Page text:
Canada can be a climate leader in promoting nuclear power as the necessary linkage for the transition to a clean energy grid. Capitalizing on the research and development of the last fifty years, Canada has the ability to demonstrate that clean growth is possible, disconnecting itself from the narrative that actions to address climate change will result in economic losses.
Student debt has been pushed by Canadian governments as a way to ensure that all students have the opportunity to access higher education. But, students have been taking on too much debt with no way to feasibly pay it off. The result has been a lack of student participation in societal innovation. Policy makers should thus look to other models, such as the Nordic countries for inspiration.
Canada stands to lose more than it gains by refusing to reopen diplomatic relations with the Islamic Republic of Iran. Iran has shown some movement in a positive direction in terms of willingness to engage with the outside world and moderate its actions on the global stage, which most other Western nations have recognized by reopening communication lines. Continuing a relations freeze in light of this makes Canada appear not only quixotic but ignorant of the consequences.
There has been a growing push in Canada to make electric cars more affordable for the average Canadian in the hopes that this will help Canada meet its climate goals. However, a comparison with our European counterparts has shown that this has not been the case. Instead, Canada should focus on building cities around the concept of transit oriented development.
Though China is sometimes invoked in quasi-admirable terms, the real goal for the anti-populist would be, in a sense, “getting to Singapore”, where there are (notionally) competitive elections, but much of the state functions on a perception of “clean”, meritocratic technocracy. However, Singapore is not “Singapore” and the reasons for this point to both the impossibility of closed systems of government being benevolent and the need for the anti-populists to stop dreaming and start addressing real concerns.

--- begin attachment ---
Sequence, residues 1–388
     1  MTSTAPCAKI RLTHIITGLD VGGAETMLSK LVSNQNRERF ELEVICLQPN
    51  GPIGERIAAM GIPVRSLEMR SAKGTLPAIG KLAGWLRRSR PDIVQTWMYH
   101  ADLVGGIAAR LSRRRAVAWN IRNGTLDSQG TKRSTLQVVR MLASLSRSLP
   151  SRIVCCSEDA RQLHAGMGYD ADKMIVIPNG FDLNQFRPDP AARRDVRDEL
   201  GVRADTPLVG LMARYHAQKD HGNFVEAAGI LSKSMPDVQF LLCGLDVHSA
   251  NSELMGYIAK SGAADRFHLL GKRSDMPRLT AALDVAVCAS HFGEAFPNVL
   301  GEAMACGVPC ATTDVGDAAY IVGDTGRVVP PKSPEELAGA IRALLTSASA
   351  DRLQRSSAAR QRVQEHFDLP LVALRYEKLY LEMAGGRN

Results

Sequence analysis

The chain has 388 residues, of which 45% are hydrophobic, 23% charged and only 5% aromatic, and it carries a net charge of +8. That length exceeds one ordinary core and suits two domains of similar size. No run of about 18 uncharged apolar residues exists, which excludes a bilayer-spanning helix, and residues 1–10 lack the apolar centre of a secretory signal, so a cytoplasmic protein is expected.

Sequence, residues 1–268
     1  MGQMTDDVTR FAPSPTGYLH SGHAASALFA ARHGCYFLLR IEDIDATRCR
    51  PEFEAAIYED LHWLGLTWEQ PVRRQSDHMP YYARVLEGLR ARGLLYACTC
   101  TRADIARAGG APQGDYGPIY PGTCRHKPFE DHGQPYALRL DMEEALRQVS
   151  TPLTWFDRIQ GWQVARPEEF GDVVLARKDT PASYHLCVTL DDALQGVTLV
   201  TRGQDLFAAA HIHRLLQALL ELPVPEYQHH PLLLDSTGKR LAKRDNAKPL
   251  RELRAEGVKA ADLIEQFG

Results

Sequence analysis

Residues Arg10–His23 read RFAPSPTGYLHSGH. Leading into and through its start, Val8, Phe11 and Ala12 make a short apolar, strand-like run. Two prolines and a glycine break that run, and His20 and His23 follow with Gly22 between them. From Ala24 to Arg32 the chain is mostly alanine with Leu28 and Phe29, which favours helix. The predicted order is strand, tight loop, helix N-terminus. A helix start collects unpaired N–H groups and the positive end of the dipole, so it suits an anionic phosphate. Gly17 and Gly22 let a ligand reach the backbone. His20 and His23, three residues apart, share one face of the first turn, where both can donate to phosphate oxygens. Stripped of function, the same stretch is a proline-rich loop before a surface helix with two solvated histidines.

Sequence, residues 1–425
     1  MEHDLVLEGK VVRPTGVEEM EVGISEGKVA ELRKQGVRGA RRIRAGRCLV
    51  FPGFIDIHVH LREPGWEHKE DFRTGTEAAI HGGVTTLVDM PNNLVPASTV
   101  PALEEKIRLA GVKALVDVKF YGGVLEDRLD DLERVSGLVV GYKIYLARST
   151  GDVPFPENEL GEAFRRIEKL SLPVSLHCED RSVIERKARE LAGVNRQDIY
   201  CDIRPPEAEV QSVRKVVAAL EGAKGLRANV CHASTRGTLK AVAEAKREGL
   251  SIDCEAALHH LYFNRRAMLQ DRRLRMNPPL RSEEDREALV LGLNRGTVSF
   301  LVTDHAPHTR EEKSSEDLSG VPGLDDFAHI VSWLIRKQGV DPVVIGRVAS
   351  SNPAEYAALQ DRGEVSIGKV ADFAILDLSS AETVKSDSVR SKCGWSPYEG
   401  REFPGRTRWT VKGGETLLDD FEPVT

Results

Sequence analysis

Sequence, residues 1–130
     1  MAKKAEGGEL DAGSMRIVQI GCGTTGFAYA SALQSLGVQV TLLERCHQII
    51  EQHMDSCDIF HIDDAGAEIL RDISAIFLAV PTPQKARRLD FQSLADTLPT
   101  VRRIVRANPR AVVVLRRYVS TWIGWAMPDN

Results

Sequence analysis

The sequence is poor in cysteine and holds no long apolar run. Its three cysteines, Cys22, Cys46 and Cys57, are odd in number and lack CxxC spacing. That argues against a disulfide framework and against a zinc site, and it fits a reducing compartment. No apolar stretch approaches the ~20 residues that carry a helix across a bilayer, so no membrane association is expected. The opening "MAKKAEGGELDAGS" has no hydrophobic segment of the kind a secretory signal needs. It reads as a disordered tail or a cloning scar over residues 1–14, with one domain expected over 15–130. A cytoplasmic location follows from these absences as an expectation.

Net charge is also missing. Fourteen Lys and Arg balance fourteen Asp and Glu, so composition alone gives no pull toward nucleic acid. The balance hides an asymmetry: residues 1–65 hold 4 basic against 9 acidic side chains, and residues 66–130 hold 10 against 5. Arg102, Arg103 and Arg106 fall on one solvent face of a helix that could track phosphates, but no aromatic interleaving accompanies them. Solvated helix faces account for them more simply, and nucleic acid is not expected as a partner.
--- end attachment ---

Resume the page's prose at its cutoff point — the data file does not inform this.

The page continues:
Given the failure of the United States in Afghanistan to produce measurable results it only makes sense for President Biden to withdraw US troops from the region. However, withdrawing from the region will have some consequences both politically and socially.
For the last forty years pundits have wondered if labor unions are still relevant. Pointing to history and the current state of the workforce, most millennials will likely answer yes.
The federal government has pledged to introduce a modest, targeted vacancy tax in its recent budget in order to tamp down on the speculative housing activity that has grown during the COVID-19 pandemic. However, it is difficult to imagine that such a small measure will make much of a difference on the overall costs and a responsible government would, before introducing new initiatives, examine and eliminate perverse incentives in this realm which previous have put in place and which continue to contribute to an overheating market.
Despite the disarray of the Republican Party currently, the Democratic Party has not been able to capitalize on the confusion due to internal conflict of their own as various factions within the Party battle it out for hearts and minds and control. The “ruling” faction is assumed to reflect the priorities of the Party’s majority and will determine everything from new planks in the Party’s platform, plum committee assignments, and most importantly how the Party operates.
One year after the 2020 mass shooting in Portapique, Nova Scotia by Gabriel Wortman politicians recognized the tragic day with moments of silence, tweets of remembrance and kind words, and speeches honouring the victims. Yet, none of these acts have significantly shifted either public policy or the societal normalization of intimate partner violence. This lack of action stems from the masculine nature of the state, which has a tendency to subvert feminist issues and voices.